You Don't Have to Be Embarrassed About Overactive Bladder

By

Linda Wasmer Andrews

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How Often Should You "Go"?

Most adults urinate four to seven times per day. If your daily routine is far in excess of that, talk with your doctor. 
Female doctor talking with a couple

It’s easy to be oversensitive about overactive bladder (OAB). Every social situation can be fraught with worry. Will you have an embarrassing leak in the supermarket? Will you suddenly need a toilet break during an important meeting? Or will you miss the fun when out with friends because you’re in the bathroom? If you let such worries hold you back, they can keep you from living your life to the fullest.

Fortunately, there are things you can do to keep your concerns in check. With a little planning, you can prevent or manage many OAB problems. Armed with advance solutions, you’ll greet social situations with greater confidence.

Overactive bladder can be an incredibly frustrating condition to live with. Learn from experts and patients about overcoming OAB.

Medical Reviewer: William C. Lloyd, MD, FACS Last Review Date: Apr 13, 2016

2016 Healthgrades Operating Company, Inc. All rights reserved. May not be reproduced or reprinted without permission from Healthgrades Operating Company, Inc. Use of this information is governed by the Healthgrades User Agreement.

Banish Self-Consciousness

People don’t always talk about OAB the way they do about arthritis or high blood pressure. It’s easy to feel as if you’re the only one in this situation. But in reality, you’re far from alone. About 17% of women and 16% of men older than age 18 have OAB, according to the National Association for Continence.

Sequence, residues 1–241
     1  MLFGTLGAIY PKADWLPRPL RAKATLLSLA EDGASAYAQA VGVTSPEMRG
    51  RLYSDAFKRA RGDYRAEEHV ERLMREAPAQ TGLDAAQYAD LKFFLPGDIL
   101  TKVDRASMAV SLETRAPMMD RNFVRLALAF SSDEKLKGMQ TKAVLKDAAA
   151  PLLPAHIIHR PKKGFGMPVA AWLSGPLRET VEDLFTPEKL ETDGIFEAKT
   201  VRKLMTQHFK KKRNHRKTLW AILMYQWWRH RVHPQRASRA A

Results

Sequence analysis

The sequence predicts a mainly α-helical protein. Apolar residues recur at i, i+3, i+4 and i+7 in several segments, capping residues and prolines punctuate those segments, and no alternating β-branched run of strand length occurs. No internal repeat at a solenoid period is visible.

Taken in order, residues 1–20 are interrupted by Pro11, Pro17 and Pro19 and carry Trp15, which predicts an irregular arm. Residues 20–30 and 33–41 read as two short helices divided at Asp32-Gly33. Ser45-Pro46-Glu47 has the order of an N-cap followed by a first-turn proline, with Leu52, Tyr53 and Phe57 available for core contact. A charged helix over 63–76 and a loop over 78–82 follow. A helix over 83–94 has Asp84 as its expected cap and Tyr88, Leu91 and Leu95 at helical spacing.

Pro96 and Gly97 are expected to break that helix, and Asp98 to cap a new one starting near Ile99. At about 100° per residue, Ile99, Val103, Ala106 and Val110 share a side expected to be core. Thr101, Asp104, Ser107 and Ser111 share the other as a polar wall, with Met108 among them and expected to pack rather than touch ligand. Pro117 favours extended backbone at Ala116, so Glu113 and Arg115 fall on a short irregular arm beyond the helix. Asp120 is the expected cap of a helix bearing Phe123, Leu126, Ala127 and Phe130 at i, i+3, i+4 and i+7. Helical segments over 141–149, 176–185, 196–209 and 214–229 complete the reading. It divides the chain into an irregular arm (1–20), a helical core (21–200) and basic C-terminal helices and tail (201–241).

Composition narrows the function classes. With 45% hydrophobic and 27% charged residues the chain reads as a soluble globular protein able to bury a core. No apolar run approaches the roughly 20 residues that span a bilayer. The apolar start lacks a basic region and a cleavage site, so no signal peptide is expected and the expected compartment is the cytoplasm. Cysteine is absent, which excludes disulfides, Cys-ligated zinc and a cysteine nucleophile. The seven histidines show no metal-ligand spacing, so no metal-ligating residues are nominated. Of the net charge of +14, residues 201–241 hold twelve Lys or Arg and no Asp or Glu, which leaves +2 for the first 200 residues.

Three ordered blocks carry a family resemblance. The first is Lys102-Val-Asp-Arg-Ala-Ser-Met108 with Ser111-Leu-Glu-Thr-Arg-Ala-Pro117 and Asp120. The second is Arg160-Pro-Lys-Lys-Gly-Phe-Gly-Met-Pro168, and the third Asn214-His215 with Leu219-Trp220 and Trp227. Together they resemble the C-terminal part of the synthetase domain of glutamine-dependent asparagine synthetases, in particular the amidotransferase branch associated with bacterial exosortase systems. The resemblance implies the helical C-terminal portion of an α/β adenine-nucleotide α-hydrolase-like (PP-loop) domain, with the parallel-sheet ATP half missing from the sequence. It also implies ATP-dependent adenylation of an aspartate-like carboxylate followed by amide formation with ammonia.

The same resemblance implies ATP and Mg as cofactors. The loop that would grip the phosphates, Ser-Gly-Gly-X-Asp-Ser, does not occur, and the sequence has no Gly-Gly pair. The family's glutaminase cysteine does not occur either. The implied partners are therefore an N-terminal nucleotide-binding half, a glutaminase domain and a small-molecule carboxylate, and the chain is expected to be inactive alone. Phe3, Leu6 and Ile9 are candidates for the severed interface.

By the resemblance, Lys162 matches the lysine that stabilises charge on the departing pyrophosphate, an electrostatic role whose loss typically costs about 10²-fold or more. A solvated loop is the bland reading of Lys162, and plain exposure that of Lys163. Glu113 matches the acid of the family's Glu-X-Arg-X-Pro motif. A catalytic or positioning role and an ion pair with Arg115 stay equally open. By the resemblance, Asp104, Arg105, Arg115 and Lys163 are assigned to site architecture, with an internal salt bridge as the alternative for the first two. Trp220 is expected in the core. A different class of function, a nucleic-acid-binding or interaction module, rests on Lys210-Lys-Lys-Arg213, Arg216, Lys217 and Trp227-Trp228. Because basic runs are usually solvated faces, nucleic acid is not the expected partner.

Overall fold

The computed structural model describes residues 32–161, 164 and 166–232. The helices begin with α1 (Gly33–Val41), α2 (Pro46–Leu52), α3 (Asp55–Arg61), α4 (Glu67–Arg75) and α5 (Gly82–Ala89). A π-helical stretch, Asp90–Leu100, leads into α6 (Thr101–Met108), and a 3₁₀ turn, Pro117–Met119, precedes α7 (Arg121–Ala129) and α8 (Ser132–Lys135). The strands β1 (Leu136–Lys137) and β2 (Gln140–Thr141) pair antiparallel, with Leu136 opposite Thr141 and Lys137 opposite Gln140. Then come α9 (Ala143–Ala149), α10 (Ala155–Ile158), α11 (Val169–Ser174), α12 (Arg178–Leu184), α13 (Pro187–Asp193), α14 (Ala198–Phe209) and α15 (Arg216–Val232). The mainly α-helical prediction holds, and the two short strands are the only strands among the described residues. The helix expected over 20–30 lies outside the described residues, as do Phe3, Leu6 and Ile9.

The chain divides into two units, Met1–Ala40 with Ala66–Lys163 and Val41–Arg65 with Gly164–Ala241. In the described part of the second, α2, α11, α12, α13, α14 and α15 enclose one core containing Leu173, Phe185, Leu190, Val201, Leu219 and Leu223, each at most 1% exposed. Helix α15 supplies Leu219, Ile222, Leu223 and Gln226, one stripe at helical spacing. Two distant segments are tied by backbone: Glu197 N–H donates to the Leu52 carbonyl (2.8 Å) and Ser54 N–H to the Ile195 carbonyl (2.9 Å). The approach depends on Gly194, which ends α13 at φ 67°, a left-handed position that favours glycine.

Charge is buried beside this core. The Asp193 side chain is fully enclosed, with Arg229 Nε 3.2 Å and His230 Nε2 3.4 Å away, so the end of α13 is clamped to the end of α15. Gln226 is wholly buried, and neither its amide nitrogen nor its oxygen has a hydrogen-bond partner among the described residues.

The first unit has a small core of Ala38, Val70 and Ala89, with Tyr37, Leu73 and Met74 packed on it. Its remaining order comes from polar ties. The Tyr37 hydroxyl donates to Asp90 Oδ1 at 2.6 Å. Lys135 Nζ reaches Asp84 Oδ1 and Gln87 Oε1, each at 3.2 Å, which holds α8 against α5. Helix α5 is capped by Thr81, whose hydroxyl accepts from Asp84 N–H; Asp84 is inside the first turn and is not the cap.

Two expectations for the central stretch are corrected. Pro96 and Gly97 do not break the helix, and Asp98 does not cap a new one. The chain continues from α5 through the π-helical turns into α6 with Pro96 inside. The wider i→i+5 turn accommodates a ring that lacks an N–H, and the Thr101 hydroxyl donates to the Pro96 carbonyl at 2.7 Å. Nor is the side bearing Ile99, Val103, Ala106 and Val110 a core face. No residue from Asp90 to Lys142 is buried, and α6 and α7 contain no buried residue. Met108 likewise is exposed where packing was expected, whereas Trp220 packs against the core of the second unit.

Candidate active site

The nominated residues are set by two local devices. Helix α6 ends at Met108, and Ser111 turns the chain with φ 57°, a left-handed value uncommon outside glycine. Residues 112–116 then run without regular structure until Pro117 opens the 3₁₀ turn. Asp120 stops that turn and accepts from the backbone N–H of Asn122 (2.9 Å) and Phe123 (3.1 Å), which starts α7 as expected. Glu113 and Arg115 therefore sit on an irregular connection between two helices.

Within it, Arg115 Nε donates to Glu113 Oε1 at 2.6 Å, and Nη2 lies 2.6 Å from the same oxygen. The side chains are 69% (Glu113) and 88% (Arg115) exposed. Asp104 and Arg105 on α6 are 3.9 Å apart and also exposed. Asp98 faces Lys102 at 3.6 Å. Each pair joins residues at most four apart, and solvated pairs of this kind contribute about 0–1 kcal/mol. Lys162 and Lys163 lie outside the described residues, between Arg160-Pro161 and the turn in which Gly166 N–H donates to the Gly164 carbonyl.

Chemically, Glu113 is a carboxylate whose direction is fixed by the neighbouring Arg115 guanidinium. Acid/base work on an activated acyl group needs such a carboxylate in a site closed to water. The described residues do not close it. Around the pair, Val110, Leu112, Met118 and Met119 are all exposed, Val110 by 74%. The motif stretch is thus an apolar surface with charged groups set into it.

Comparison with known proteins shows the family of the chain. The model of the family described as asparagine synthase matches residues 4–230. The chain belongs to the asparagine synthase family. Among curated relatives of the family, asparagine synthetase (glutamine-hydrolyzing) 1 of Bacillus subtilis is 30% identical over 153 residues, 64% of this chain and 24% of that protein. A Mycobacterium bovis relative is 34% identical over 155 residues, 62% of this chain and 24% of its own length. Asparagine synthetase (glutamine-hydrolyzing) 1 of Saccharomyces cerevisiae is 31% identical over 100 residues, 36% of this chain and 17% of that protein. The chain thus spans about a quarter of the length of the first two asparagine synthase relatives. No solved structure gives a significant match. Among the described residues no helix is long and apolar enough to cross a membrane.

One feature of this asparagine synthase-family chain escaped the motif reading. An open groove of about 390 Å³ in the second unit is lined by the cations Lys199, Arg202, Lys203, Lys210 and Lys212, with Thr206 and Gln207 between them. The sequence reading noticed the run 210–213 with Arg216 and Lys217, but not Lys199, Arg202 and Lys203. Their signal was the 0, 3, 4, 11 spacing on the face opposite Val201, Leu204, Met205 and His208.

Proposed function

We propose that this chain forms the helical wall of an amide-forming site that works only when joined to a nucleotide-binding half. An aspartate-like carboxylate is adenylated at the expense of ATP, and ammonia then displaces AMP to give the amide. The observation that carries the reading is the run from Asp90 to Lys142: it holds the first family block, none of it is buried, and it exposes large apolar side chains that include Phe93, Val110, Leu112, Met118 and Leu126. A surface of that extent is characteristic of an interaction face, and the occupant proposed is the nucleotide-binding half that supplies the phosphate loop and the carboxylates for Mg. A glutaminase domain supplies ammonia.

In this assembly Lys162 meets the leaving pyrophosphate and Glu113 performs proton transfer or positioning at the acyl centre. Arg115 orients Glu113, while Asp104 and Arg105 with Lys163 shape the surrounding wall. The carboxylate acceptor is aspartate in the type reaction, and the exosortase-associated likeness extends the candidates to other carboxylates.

Imagine that you’re walking through a crowded mall. There are probably dozens of other people with OAB shopping at the same time. Knowing that other people are facing—and handling—the same challenges as you is reassuring. It’s also good to know that you aren’t as conspicuous as you might feel. You can’t look around and tell which other shoppers have OAB, just as they can’t look at you and tell.

Take Charge of OAB—Smartly

Some people turn to alcohol when they feel ill at ease in social situations. But this strategy can backfire when you have OAB, because alcohol may irritate your bladder and promote urine leaks. A better way to boost your confidence is by avoiding foods and beverages that make your OAB worse. Alcoholic, carbonated, caffeinated, and diet drinks are common offenders. Other foods and drinks that might worsen your symptoms include decaf coffee, citrus juices, spicy dishes, tomato-based sauces, and chocolate.

To feel more in control of any situation, make sure that you and your doctor are doing everything you can for your OAB. There are many treatment options available. And when you have a treatment plan, follow it. If you’re on medication, take it as prescribed. If you do Kegel exercises, practice regularly. If you urinate on a schedule, set an alarm on your mobile phone to remind you of bathroom breaks when away from home.

Eliminate Embarrassment

Think positively—but also realistically. If urine leaks happen, you’ll feel more self-assured knowing that you’re well prepared. When appropriate, wear absorbent pads or underwear. Choose close-fitting products made from odor-reducing material with a cloth-like outer layer to avoid telltale smells and crinkling sounds. Pack extra supplies in a purse or daypack to carry with you whenever you’re out and about.

If you have an accident, don’t let it spoil your whole day. Clean up, change undergarments, and keep going. It’s unlikely that anyone else is aware of what happened. And millions of Americans experience the same thing every day. A quick pep talk to yourself helps keep your active life on track and your OAB in perspective.

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Medical Reviewers: William C. Lloyd III, MD, FACS Last Review Date: Apr 16, 2017

© 2016 Healthgrades Operating Company, Inc. All rights reserved. May not be reproduced or reprinted without permission from Healthgrades Operating Company, Inc. Use of this information is governed by the Healthgrades User Agreement.

View Sources

Medical References

  1. Urinary Incontinence. American Academy of Family Physicians. http://familydoctor.org/familydoctor/en/diseases-conditions/urinary-incontinence.html
  2. Overactive Bladder. National Association for Continence. http://www.nafc.org/overactive-bladder
  3. OAB: Frequently Asked Questions. National Association for Continence. http://www.nafc.org/oabfaq
  4. Products. National Association for Continence. http://www.nafc.org/products

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